In July, I no longer saw a screaming appeal for the streaming business of Netflix (NASDAQ:NFLX). The company saw some increased momentum in terms of net additions, in part driven by a crackdown on password sharing.
This was set to drive future growth, badly needed as expectations have risen substantially over the past year in anticipation of a tougher stance on password sharing and a contribution from advertising revenues, both of which appear to be lagging compared to expectations. This has resulted in severe share price pressure which increases appeal, just not enough yet to buy the dip.
A Roller Coast Ride
Pre-pandemic, Netflix was a $350 stock as the pandemic, which tied people to the comfort of their homes, sent shares to a high of $700 in 2021, only to trade below the $200 mark early in 2022. After a recovery to the $450 mark in July of this year, when I last checked on the shares, the same shares have given up quite some ground, now trading at a pre-pandemic level around the $350 mark.
In the meantime, Netflix has changed and grown quite a bit. The company reported operating earnings of $2.6 billion on $20 billion in sales in the pre-pandemic year 2019. Ever since shares have seen substantial growth as revenues grew to $25 billion in 2020, and operating profits rose to $4.6 billion, with strong operating leverage demonstrated upon.
2021 revenues rose to nearly $30 billion as operating earnings advanced to just over $6 billion. Amidst tougher comparables, the company saw much slower growth in 2022, with sales growing to $31 billion and change, as operating margins actually fell slightly, marking that net earnings fell a little bit amidst mid-single digit top line sales growth.
2023 has been another tough year from a top line perspective. First quarter sales rose 4% with net additions reported at 1.7 million members. Second quarter sales rose 3% to $8.2 billion, as net member additions rose to 5.9 million users, up to 238 million members.
While growth so far was not too exciting, there were some upcoming triggers. This included the company starting to launch paid sharing in over 100 countries, representing the vast majority of the revenue base. This will gradually start to make a top line sales contribution, as the company guided for 7% year-over-year sales growth for the third quarter. Moreover, the company saw accelerating sales growth in the fourth quarter, driven by these practices as well as an expected contribution from advertising efforts being rolled out.
With earnings of $6.18 per share for the first half of the year coming in fifty-five cents below the same period last year, earnings of $12 per share look attainable for the year. With shares having risen to the $450 mark over the summer, it was clear that expectations have risen substantially again to a multiple in the high thirties.
While there were some green shoots in the second half of the year, the reality is that these developments still have to pan out, notably an increase in the user base from cracking down on password sharing and incremental advertising revenues, although the extent of both items was hard to model. Given these concerns, a Hollywood strike on the horizon, households strained by inflationary pressures, and fierce competition, I was cautious.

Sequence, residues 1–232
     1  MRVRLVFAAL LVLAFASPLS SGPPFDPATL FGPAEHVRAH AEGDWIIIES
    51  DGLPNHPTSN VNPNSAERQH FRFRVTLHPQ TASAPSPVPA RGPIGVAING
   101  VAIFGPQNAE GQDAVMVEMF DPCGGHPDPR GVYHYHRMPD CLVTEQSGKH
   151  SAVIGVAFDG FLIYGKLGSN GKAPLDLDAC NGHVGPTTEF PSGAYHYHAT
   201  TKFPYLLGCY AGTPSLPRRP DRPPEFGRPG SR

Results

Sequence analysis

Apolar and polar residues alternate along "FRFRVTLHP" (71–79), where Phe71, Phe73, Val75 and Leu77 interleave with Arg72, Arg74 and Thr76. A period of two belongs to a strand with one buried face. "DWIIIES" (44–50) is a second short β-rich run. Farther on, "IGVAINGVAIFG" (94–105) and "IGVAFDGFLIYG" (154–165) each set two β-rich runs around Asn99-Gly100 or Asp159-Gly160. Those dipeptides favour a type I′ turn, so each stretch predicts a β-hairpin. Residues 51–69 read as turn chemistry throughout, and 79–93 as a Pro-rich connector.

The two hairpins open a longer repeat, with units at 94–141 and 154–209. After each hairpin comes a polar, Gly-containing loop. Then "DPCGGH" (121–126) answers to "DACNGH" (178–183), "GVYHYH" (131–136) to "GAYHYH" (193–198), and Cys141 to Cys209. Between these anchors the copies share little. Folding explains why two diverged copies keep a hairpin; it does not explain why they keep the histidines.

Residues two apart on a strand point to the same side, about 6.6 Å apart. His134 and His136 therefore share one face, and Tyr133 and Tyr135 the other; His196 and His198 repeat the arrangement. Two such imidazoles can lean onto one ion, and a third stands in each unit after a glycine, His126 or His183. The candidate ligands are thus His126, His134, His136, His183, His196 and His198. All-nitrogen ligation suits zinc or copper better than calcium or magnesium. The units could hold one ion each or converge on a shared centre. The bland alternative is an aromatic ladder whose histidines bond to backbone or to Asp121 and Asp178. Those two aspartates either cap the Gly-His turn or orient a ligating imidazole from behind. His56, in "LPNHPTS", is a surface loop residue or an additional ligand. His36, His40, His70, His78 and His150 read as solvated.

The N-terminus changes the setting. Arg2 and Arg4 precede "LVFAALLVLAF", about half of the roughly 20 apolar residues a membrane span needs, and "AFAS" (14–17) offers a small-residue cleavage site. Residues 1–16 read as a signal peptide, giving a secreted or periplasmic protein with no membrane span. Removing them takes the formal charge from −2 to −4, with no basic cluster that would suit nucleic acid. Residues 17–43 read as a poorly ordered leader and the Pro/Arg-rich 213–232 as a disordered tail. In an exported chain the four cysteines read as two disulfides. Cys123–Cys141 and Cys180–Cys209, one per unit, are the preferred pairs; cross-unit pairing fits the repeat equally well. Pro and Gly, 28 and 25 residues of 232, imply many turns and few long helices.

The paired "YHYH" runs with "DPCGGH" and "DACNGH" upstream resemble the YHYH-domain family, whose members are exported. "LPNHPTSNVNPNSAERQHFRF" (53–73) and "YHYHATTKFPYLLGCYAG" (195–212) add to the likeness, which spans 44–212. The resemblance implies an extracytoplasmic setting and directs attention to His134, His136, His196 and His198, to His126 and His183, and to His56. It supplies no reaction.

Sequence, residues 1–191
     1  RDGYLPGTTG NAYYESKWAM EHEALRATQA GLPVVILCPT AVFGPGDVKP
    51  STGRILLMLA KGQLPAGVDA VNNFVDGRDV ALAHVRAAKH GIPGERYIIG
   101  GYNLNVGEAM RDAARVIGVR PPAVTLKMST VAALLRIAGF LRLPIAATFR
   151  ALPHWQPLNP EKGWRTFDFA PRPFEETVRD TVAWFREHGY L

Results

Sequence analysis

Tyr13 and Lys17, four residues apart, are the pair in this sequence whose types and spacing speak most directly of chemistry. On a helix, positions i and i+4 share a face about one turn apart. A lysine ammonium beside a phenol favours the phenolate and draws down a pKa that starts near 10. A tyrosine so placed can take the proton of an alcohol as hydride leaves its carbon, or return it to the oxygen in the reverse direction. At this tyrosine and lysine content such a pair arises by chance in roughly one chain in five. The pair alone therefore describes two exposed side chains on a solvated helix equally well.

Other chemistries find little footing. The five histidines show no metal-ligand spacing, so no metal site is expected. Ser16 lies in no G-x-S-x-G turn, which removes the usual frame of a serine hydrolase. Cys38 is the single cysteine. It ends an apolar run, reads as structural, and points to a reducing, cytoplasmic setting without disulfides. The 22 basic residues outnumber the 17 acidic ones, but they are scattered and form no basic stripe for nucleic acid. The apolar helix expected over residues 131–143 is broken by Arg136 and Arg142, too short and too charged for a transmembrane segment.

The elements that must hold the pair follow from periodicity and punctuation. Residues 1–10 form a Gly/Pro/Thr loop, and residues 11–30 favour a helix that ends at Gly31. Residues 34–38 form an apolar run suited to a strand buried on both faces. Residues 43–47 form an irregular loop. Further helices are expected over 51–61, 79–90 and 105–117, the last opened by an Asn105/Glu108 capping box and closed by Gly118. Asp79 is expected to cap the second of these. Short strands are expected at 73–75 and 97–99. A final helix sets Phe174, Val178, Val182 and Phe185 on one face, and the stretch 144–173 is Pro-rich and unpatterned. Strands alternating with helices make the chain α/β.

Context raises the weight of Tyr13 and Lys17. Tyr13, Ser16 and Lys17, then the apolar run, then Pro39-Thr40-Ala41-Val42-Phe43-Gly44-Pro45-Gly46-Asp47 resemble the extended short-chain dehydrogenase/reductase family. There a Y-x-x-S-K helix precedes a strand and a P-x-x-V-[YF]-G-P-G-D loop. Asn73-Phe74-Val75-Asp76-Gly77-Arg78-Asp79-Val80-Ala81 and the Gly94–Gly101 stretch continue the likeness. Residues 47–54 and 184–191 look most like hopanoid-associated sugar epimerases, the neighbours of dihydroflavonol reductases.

Down A $100
Since July, shares of Netflix have fallen some hundred dollars to $355 per share. This marks a substantial pullback in a relatively short period of time, as we are awaiting third quarter results in the days to come.
Believing that earnings power of $12 per share is still intact, a high-thirty times earnings multiple has come down to about 30 times, still elevated. This comes as there have been multiple headwinds to the business, including a more strained consumer, as well as a prolonged Hollywood strike, and the advertising business reportedly growing slower than expected.
Besides these general headwinds, Netflix has seen more specific headwinds. This comes as a crackdown on password sharing is reportedly behind internal projections, as so far just 10 million subscribers are using the advertising subscription tier here. This has resulted in Netflix re-shuffling some executives, including the role of chief product and chief technology officer.
As it appears, subscribers are not too keen on the ad-loaded version comes at $6.99 per month, a huge discount from the $15.49 per month plan (which has been raised). In fact, all the major players in the streaming industry are raising prices (in part to offset inflation, as well as given the impact of the Hollywood strike).
Higher prices and having fewer content being supplied in the near term might push up churn, as these trends are causing pressure on the share price, with hopes for the third quarter results apparently not too high.
It is hard to imagine, but after a $100 decline, shares are back to the same levels at which they traded in May, while the signs for the third quarter quite frankly are not too good. Shares are now back to their pre-pandemic levels, amidst continued subscriber growth and more than 50% revenue growth, as valuations still remain demanding here.
Given this, I am getting more appealed to shares of Netflix here, but still find it way too early to get involved with the shares until multiples fall to the mid-twenties. While the long-term prospects of Netflix as an industry leader remain sound, the issue is that Netflix sees many headwinds and a fierce competitive field (albeit with more desperate and more challenged peers).